ANDREW C. PROUDFIT, farmer, section 23, was born in Indiana, May 21, 1857, and when a small boy, he came with his father to this state and county. While young, he had a severe spell of sickness, which left him deprived of the sense of hearing and speech. His mother has taken great pains in sending him to school, and he remained eight years in the State School for Mutes, under the tutorship of Mr. Kerl. He was an excellent scholar, learning rapidly, and has become a good practical business man, a fine reader and an excellent penman. He has with his mother over 100 acres of beautiful land, under the best of improvements. He has bought teams, plows, drags, etc., and has had great success in everything he has undertaken. He has entire charge of the farm, is a Democrat in his political views, and a valuable citizen of this county. His father, Thomas Proudfit, bought 160 acres of fine land on section 23. He was born in Virginia in 1819, and was raised in Indiana. His father was Elias Proudfit. Thomas P. came to this state and county in 1856. He married Miss Lana Anderson Davidson in Dubois County, Indiana, in February, 1856. They had two children: Andrew C. and Mary E., born November 20, 1859, who married James M. Sliger. Mr. P. died in 1860, leaving Mrs. P. and her two small children and a farm, almost wholly unimproved and unpaid for. But the land was rich, and having energy and courage she commenced raising stock and corn. She succeeded in paying for her farm, and has built a beautiful house. Her daughter, who married J.M. Sliger, lives quite near her. Mr. Proudfit was an excellent man and during the few years he lived after moving here, won the confidence of many.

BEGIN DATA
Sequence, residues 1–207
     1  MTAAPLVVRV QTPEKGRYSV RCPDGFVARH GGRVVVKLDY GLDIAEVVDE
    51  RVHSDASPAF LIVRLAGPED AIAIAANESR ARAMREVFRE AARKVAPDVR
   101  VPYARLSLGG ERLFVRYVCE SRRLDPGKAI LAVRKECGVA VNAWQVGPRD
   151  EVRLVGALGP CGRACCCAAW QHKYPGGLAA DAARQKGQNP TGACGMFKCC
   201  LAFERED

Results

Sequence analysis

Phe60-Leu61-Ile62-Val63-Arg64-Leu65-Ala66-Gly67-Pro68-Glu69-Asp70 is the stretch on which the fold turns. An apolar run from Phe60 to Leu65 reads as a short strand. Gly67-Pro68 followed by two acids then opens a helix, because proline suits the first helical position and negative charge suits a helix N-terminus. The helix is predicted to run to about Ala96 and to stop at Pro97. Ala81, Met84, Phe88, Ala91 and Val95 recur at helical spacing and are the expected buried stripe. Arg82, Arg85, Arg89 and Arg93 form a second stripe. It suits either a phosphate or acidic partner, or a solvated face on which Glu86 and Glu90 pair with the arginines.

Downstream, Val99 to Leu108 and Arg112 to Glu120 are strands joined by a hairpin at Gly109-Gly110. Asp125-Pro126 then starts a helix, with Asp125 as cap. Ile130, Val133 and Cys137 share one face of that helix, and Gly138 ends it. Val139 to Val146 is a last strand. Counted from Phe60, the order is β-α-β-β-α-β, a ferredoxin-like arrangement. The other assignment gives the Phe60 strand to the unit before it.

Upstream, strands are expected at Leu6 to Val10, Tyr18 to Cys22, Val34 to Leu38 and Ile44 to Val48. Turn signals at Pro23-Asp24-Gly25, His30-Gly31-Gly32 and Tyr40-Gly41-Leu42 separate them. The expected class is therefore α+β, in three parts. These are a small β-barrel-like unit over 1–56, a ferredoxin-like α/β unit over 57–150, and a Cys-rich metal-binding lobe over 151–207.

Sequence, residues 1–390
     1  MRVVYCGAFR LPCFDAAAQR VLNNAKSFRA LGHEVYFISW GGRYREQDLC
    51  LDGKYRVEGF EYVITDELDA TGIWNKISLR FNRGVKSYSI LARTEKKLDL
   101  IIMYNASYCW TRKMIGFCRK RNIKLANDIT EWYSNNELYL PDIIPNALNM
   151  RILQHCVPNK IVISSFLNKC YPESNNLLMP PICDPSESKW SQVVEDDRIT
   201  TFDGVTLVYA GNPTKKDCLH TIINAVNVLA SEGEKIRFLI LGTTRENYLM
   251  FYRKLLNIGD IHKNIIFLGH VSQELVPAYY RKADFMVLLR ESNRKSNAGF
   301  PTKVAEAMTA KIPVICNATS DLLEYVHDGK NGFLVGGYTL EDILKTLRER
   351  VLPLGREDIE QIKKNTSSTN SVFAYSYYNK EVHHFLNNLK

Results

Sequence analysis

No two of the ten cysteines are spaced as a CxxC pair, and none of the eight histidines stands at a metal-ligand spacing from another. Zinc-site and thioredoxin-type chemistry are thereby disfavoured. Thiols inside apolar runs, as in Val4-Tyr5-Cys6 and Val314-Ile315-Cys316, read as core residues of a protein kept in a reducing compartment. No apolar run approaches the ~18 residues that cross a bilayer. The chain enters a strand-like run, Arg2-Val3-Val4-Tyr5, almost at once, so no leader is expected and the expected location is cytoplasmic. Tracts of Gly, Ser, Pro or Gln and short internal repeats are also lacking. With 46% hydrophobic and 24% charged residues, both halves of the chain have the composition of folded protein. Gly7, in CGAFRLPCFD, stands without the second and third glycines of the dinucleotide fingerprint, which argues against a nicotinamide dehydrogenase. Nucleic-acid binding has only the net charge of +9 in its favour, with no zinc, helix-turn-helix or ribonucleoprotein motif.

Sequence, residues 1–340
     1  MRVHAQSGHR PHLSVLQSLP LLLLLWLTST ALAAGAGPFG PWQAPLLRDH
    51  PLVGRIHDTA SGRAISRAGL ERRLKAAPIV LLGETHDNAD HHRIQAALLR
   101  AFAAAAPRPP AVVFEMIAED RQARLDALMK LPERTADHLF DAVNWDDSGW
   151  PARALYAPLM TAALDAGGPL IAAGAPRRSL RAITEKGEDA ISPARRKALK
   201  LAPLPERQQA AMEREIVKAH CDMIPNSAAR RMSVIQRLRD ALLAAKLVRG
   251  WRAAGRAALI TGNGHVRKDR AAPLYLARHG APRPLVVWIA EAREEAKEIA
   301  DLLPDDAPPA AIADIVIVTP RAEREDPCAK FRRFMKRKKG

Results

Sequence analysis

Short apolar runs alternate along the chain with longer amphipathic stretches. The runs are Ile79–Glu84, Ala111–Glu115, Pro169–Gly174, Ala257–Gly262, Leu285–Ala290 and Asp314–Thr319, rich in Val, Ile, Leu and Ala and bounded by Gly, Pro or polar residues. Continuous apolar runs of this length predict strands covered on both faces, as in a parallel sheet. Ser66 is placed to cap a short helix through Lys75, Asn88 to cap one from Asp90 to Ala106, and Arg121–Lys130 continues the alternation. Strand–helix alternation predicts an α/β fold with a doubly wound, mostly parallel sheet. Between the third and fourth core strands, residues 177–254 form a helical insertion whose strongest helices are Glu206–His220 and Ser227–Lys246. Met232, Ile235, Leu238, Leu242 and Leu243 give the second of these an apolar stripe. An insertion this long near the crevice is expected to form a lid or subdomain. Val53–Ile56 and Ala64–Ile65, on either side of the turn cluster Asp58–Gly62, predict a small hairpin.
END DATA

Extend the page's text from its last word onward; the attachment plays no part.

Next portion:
St. Joseph, Mo.: National Historical Company, 1882. Transcribed by Kim Mohler.